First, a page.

Parents Invited to Join Study About the Impact of COVID-19 on Young Children

Photo of mother adjusting child's face mask

Lexington, Ky. (Aug. 6, 2020) — Researchers at the University of Kentucky are inviting parents and primary caregivers to participate in a study about the emotional impact of COVID-19 on young children ages one to five and their families.

Meghan Marsac, Ph.D., pediatric psychologist and assistant professor of Pediatrics, is leading the U.S. in an international study to determine the needs of parents and families who have preschool-aged children during the coronavirus pandemic. She and her colleagues want to learn more about how the coronavirus pandemic has impacted families with young children and how programming and support interventions can be developed to address their needs.

“In much of our research, these children are often overlooked,” said Marsac. “They aren’t able to communicate their needs as well, and their struggles tend to come out in different ways, particularly behaviorally.”

Additionally, researchers will study the stressors of parents as they navigate the uncertainty of prolonged quarantine isolation and how they are managing their needs and emotional health. By learning from the parents, pediatricians and mental health professionals can better advocate for the needs of children.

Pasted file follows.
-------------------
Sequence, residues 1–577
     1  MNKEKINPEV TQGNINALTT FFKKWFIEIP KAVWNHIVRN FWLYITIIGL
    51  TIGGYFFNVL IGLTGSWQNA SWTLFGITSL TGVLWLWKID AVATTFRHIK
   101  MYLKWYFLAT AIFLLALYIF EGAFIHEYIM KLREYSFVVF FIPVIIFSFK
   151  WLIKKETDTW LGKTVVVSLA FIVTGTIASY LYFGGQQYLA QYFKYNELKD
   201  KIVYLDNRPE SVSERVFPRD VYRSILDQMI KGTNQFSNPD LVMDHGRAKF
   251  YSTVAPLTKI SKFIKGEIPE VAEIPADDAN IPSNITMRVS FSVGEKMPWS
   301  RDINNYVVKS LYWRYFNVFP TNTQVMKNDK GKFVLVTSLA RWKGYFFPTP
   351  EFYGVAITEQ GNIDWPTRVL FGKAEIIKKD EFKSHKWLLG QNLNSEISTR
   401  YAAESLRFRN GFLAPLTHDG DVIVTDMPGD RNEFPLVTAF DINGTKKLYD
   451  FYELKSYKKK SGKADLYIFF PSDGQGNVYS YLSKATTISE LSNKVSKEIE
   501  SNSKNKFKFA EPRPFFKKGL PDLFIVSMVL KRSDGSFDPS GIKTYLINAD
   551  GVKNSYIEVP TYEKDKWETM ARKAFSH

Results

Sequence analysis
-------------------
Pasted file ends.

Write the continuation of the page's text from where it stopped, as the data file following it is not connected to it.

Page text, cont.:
“Parents are key influencers,” said Marsac. “Kids who are preschool age really pick up on their parents’ stress. As part of the study, we’ll ask about their children and their behavior, but we’ll also be asking about the parents to find out specific things we need to do to support them.”

Over the past few months, Marsac and her colleagues have been acutely aware of the struggle parents face, both as parents themselves and in the patients they treat. Healthcare providers report seeing young children exhibit more tantrums and sleep problems, as well as kids are worrying more. They are concerned about the possibility that these behavior issues will intensify as families prepare to either not go back to school or go back to school in a non-traditional capacity.

“Kids this young notice when things are different,” said Marsac. “They do really well with a routine when they know what to expect. And as adults, it’s hard because we don’t know what to expect, so we can’t give them the security we normally could give them. They don’t know there’s a pandemic, but they do know they can’t go to the playground or play with friends.”

In the study, parents have the choice of completing one set of questions now or to receive multiple sets of questions over the next twelve months. Researchers can observe how the home dynamics and family needs shift over time.

Parents and primary caregivers of a child ages 1 - 5 years old can enroll in the study here: and direct questions about the study here:

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